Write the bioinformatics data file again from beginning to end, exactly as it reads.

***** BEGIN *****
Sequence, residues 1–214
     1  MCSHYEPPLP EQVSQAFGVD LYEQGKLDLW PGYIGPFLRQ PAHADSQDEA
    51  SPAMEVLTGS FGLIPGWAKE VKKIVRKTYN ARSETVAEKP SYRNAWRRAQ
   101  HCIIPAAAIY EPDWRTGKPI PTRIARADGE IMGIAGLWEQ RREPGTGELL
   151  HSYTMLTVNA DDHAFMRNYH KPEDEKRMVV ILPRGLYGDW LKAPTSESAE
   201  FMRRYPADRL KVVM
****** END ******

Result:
Sequence, residues 1–214
     1  MCSHYEPPLP EQVSQAFGVD LYEQGKLDLW PGYIGPFLRQ PAHADSQDEA
    51  SPAMEVLTGS FGLIPGWAKE VKKIVRKTYN ARSETVAEKP SYRNAWRRAQ
   101  HCIIPAAAIY EPDWRTGKPI PTRIARADGE IMGIAGLWEQ RREPGTGELL
   151  HSYTMLTVNA DDHAFMRNYH KPEDEKRMVV ILPRGLYGDW LKAPTSESAE
   201  FMRRYPADRL KVVM